This model has been especially useful for me in understanding gender relations. For example, Jung suggested that one of the most influential archetypes for a man is the Anima, or the female version of himself. As much for symmetry as any other reason, he suggested that a woman is motivated by a similar archetype called the Animus, which is the male version of herself.

The Animus seems so much an after-thought in Jung’s writing that a widespread debate, especially among female Jungians, is whether the archetype exists. Realizing that men tend to define themselves in terms of not being a woman – in fact, to treat women as the archetype of the Shadow – I had no trouble in concluding that the Anima exists.

But the Animus? The evidence for that archetype seems much weaker. Some women go into mental contortions, even enduring abuse, to make themselves over in the image that men want, but – to many men’s intense dislike – women as a whole do not seem to define themselves as being the opposite of men. Men need women to tell them who they are, but women do not seem to need men to the same degree or in the same way.

For me, this difference explains the difficulty that many men have in accepting feminism. Because their identify depends on women’s roles, any change in women’s roles means that men’s own identity is under-mined. Already inclined to see women’s roles as mysterious and even sinister, they move easily to seeing any change as a threat – something that the Shadow is never far from being at the best of time.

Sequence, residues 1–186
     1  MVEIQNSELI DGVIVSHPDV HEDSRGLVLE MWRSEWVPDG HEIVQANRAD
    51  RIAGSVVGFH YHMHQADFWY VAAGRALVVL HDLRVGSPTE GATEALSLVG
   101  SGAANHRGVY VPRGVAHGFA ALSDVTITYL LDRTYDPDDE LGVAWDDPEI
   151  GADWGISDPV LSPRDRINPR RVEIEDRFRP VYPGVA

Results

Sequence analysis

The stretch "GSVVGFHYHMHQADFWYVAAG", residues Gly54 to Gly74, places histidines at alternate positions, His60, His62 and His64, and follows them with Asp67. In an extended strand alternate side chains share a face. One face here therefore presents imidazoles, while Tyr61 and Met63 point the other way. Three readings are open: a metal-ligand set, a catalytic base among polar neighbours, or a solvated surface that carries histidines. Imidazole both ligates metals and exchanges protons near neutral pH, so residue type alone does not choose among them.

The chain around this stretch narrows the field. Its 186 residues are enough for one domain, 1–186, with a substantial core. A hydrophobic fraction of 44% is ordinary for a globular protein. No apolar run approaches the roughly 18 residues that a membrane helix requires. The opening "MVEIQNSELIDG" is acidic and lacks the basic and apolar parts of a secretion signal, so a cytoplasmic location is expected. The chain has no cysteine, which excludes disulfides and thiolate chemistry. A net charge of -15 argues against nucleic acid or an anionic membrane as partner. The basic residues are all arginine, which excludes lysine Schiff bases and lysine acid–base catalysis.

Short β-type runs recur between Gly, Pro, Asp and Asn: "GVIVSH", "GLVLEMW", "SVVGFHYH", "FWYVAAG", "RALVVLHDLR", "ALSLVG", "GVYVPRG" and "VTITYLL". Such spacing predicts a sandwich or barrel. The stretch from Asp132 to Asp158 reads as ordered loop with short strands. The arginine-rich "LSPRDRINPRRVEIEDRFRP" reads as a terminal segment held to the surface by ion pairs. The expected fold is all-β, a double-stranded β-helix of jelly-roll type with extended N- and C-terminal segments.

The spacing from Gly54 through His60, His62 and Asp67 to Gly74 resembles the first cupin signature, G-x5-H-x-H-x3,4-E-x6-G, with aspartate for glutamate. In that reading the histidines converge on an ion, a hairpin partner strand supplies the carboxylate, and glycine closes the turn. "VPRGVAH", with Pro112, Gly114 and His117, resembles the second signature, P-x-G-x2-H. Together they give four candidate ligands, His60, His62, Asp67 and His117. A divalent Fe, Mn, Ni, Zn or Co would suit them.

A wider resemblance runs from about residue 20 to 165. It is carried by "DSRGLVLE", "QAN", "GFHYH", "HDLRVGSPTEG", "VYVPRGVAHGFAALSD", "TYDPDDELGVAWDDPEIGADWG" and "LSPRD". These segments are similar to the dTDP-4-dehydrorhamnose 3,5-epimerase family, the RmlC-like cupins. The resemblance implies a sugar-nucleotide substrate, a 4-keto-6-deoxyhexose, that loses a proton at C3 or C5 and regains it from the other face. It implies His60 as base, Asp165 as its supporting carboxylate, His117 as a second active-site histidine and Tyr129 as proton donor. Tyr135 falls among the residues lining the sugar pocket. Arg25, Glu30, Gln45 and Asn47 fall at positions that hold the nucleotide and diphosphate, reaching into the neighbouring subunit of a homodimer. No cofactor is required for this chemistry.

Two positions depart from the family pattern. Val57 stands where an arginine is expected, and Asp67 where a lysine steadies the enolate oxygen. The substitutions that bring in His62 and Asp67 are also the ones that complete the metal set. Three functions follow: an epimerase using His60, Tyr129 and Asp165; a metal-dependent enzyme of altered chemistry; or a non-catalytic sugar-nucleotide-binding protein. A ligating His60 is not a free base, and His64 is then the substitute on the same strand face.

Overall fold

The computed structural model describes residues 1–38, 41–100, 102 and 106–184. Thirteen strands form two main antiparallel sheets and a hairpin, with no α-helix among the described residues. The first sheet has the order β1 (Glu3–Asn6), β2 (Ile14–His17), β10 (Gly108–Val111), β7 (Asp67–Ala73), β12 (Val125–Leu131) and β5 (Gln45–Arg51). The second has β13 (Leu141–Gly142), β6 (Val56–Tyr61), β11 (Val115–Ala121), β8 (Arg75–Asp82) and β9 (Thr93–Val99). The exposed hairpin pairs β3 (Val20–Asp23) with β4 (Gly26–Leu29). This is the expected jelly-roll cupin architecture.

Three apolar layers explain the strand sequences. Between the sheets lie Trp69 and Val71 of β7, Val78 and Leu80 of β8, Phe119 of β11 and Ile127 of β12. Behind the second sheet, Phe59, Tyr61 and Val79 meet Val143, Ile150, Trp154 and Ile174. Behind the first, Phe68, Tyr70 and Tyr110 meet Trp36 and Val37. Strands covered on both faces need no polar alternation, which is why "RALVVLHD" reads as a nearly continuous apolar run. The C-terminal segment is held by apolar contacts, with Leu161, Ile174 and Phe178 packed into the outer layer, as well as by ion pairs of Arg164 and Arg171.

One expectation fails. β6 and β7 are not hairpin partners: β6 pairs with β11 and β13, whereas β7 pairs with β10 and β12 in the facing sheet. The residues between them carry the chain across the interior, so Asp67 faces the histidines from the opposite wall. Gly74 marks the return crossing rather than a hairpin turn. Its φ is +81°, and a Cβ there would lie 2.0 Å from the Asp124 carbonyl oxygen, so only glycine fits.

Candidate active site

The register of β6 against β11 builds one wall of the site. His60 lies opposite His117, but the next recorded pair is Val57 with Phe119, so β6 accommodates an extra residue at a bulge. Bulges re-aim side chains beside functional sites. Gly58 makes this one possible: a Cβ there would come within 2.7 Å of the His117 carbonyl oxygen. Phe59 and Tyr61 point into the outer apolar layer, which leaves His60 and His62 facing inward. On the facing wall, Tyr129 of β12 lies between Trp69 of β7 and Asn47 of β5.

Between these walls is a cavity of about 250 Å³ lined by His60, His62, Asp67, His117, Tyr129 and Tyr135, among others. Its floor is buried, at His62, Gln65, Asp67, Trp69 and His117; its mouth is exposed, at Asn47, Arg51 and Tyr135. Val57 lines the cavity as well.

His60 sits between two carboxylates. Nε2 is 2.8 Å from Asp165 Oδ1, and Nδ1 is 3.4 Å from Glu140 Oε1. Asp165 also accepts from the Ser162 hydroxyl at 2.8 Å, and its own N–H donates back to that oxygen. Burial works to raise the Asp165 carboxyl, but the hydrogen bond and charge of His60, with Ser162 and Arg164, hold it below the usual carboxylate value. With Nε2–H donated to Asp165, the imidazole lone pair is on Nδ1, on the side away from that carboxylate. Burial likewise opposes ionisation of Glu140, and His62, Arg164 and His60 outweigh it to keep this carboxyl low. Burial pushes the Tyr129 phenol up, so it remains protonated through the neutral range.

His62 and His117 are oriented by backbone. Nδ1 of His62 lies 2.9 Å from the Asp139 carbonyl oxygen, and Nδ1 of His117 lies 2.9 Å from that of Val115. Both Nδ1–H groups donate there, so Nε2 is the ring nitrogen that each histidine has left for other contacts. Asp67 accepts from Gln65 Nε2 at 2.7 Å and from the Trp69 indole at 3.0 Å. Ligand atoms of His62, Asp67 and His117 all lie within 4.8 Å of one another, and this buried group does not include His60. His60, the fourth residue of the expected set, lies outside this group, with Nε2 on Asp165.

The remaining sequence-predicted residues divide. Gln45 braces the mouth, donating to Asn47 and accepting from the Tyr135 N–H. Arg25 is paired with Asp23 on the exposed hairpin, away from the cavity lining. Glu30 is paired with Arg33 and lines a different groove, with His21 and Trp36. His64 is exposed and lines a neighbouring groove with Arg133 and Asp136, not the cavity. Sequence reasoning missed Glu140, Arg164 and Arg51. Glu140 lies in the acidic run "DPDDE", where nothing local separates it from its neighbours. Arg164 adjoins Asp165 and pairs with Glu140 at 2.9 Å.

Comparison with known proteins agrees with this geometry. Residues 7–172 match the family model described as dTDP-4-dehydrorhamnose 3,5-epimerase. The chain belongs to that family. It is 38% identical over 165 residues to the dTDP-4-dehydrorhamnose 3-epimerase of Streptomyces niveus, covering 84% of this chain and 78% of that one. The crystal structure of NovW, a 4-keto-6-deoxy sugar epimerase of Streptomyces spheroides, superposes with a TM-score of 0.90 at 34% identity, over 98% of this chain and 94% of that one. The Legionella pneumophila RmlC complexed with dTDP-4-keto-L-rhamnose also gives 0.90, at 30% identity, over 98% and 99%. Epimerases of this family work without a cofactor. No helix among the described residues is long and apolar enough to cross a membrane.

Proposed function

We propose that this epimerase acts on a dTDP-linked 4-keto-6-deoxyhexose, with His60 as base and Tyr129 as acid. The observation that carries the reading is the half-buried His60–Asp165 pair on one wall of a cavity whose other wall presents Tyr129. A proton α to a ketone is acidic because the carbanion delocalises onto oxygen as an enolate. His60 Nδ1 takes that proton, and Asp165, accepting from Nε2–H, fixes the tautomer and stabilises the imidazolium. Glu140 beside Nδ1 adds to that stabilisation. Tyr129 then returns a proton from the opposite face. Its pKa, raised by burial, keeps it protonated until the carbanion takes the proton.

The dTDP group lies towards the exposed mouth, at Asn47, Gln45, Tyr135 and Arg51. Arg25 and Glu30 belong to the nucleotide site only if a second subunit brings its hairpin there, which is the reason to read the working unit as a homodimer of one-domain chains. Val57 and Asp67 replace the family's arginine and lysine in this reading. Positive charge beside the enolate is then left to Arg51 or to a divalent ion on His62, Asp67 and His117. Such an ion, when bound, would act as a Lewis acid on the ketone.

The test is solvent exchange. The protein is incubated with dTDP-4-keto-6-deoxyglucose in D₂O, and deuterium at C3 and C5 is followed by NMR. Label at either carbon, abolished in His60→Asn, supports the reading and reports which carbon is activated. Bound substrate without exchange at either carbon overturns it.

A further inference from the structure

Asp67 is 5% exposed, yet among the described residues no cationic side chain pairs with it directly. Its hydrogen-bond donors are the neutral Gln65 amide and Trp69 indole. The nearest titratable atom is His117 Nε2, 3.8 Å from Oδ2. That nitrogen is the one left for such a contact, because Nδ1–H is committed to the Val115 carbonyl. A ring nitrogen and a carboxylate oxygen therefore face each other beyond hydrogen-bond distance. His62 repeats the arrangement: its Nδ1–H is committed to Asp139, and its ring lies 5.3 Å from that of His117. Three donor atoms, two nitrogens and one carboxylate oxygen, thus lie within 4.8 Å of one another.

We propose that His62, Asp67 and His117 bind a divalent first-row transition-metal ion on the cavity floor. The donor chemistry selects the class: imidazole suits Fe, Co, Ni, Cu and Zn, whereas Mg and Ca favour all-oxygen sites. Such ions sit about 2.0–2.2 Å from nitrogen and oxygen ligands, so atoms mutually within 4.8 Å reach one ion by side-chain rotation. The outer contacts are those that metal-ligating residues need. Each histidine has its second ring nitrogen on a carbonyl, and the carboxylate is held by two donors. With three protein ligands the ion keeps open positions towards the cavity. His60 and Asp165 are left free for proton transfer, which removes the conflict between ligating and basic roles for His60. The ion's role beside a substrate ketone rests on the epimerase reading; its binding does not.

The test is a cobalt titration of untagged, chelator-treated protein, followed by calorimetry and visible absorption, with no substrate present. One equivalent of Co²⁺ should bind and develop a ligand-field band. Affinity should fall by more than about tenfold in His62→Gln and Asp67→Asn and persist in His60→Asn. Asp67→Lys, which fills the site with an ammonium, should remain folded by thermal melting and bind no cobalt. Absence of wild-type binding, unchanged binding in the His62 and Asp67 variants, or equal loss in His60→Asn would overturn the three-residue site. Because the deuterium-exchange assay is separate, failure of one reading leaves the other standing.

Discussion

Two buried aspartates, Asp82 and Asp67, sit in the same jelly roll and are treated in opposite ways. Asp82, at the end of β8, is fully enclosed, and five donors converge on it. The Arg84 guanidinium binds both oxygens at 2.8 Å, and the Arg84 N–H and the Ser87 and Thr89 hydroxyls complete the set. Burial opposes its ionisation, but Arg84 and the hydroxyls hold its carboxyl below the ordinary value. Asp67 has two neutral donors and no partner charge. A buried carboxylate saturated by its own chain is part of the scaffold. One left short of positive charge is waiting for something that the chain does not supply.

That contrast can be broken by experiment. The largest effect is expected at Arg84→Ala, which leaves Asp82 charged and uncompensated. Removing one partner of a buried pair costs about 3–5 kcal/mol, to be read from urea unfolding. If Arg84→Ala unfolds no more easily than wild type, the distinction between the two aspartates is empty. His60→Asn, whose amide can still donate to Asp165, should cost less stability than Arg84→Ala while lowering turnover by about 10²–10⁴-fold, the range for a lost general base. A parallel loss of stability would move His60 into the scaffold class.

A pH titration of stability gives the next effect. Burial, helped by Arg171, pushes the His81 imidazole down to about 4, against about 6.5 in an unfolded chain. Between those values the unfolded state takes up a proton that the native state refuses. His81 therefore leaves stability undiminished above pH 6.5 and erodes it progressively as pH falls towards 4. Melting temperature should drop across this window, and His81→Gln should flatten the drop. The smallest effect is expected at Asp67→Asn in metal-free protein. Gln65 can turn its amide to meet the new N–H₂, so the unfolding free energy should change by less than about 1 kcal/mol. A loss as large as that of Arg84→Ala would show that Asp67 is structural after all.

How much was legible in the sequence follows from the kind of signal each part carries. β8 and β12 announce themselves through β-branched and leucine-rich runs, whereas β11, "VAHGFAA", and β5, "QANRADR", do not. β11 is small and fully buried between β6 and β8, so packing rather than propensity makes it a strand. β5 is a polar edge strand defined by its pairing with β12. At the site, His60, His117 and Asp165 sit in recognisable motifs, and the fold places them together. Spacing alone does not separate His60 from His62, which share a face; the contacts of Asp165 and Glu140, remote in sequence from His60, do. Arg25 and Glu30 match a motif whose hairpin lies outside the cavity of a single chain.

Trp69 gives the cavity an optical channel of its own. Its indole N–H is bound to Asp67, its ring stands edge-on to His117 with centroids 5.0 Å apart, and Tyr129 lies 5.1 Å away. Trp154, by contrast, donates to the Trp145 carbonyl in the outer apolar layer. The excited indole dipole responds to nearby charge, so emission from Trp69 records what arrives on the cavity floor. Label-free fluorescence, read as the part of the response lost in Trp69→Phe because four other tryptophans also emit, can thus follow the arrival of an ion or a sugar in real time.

To avoid this reaction, a man needs to reject the Anima and Shadow as an influence on his thinking. But the two archetypes are such a fundamental part of male thinking that rejection is difficult, and often impossible.

This reaction is one that most feminist theory seems to have largely overlooked. What Jungian theory suggests to me is that male hostility to feminism is generally not about the threat of a loss of privilege or power. Rather, it is about a loss of identity, about no longer having models to tell men who they are (or, to be more accurate, who they are not).

By contrast, women may not approach changes in gender roles easily. If nothing else, habit remains a strong motivation. But traditional gender roles have less to offer modern women than they do men, because less of their identity is based on not being men. Women may feel unsettled when they try to move beyond tradition, but the average woman is far less likely than men to feel that their entire sense of identity is being destroyed in the process.